Talk:Russian battleship Potemkin

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Good article Russian battleship Potemkin has been listed as one of the Warfare good articles under the good article criteria. If you can improve it further, please do so. If it no longer meets these criteria, you can reassess it.
Article milestones
Date Process Result
May 4, 2013 Good article nominee Listed
July 24, 2013 WikiProject A-class review Approved
Current status: Good article
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Untitled[edit]

It is usually written in simplified form Потемкин in Russia (instead of Потёмкин), but it is still pronounced in English "Potyomkin", not "Potyemkin" (in fact, it is pronounced "Patyomkin" because of unstressed "o") Pibwl 23:58, 13 Feb 2005 (UTC)

Merge[edit]

Russian battleship Potemkin and Battleship Potemkin uprising are both integral to the history of the battleship. The content of this article is largely duplicated in the other anyway. They ought to be merged under the name of the ship. Michael Z. 2006-10-16 22:24 Z

Support[edit]

  1. (nominator) Michael Z. 2006-10-16 22:24 Z
  2. Support shoy 19:32, 30 October 2006 (UTC)

Oppose[edit]

Discussion[edit]

WikiProject class rating[edit]

This article was automatically assessed because at least one WikiProject had rated the article as start, and the rating on other projects was brought up to start class. BetacommandBot 05:07, 10 November 2007 (UTC)


WW1 carrear[edit]

It had a notable careear in ww1 clashing with Goeben (as a part of a squadron) several times, each time forcing it to retire.

[1] —Preceding unsigned comment added by 213.137.118.206 (talk) 21:07, 1 July 2008 (UTC)

Timeline section[edit]

The timeline section to some extent contradicts the origins section. The timeline section is also complete uncited. Please can someone add proper citations to reliable sources. (Communist propaganda films do not count as reliable sources.) If the timeline section cannot be provided with citations to reliable sources, it will be deleted.--Toddy1 (talk) 17:43, 26 December 2010 (UTC)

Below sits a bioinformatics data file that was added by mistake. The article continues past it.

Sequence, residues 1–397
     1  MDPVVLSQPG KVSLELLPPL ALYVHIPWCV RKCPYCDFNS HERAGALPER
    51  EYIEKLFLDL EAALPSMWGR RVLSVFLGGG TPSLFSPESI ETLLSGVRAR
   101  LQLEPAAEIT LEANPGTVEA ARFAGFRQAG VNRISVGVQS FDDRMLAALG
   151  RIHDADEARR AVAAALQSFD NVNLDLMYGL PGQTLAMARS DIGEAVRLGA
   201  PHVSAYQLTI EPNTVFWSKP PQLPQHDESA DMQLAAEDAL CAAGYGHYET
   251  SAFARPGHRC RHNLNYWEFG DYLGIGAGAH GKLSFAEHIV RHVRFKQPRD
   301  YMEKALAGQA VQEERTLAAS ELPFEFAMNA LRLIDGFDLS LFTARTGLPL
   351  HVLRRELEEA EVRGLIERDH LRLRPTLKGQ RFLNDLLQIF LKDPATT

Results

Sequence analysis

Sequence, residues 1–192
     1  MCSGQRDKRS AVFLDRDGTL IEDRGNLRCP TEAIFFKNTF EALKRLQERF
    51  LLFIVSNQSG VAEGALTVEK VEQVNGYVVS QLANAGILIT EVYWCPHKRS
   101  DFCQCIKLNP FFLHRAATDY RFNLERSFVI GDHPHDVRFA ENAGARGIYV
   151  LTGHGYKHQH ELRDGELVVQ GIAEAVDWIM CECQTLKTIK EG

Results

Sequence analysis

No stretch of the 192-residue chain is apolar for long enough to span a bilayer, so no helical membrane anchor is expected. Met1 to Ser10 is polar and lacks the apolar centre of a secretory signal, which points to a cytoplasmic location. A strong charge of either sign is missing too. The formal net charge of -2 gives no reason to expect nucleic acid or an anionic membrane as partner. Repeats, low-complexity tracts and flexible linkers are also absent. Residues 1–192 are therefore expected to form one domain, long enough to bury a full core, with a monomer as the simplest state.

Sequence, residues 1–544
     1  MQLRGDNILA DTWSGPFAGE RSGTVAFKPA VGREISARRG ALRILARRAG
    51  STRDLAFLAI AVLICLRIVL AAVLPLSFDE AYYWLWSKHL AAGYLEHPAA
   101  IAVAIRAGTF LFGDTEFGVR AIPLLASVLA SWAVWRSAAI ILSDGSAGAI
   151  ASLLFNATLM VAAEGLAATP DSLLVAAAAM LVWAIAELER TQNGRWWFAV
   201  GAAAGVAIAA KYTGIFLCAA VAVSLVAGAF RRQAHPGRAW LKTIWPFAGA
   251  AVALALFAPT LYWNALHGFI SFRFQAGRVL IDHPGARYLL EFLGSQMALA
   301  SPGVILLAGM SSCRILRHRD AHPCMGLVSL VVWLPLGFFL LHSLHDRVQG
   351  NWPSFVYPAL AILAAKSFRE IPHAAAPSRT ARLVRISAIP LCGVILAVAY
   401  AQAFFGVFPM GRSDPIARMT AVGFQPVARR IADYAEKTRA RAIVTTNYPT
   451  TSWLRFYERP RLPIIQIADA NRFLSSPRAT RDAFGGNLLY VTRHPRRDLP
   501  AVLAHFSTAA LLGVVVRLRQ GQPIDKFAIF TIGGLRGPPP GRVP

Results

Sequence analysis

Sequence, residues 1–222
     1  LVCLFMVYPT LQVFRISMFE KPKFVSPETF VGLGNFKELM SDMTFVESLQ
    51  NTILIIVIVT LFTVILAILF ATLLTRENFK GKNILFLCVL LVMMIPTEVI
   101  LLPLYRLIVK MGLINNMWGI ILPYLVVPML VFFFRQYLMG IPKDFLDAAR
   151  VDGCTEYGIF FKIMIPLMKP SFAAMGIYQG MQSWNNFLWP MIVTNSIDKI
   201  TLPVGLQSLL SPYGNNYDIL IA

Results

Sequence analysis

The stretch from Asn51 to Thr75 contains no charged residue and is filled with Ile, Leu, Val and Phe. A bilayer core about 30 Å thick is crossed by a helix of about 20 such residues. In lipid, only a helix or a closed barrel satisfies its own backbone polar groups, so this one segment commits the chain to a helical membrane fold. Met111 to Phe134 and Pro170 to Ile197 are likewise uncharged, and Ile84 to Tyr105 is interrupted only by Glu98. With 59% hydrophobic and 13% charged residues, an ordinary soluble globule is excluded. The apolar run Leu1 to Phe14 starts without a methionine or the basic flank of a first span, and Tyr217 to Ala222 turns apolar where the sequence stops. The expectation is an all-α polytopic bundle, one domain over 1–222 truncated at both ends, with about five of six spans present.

Main armament muzzle velocity "9,160 ft/s (2,792 m/s)"?[edit]

This is clearly an error. The muzzle velocity on naval guns of this sort is nowhere near the claimed 9160 fps. The 2792 claimed as "meters per second" might be plausible as "feet per second." — Preceding unsigned comment added by 97.127.187.149 (talk) 17:24, 31 May 2013 (UTC)

Good catch.--Sturmvogel 66 (talk) 18:03, 31 May 2013 (UTC)

Engvar[edit]

As of this version from 2006 the article was stable and a non-stub in British English. --John (talk) 08:30, 5 August 2013 (UTC)

In popular culture[edit]

The Soviet SSBN appear in "The Spy Who Loved Me" carrys the name Potemkin. --95.222.191.133 (talk) 02:53, 27 June 2015 (UTC)

Comments[edit]

I'm not well-versed in MILHIST conventions, so ignore at will:

  • "All dates used in this article are New Style" this note seems to be irrelevant.
    • Imperial Russia didn't adopt the Gregorian calendar reforms, so they were about 10 days behind the calendar used in the west.
  • Why is the Goeben referred to as Yavuz Sultan Selim in the lede but never elsewhere? Confusing easter egg etc. Suggest using Ottoman name during description of battle but state somewhere that this is the renamed Goeben.
    • Excellent catch; I've switched every reference over to the Turkish name.
  • "They were intercepted by the German battlecruiser" the ship is no longer German.
    • Indeed.
  • Is there a WP:MOS rule about nbsp between dates and months e.g. 2  October? I see nbsps before other units of measurement
    • No.
  • "Panteleimon and the other Russian pre-dreadnoughts" can't use "the" without previous mention, so change "the" to the specific number instead.
    • Reworded this bit, see if it's clearer for you.
  • Why aren't the other instances of renaming the ship mentioned in the lede?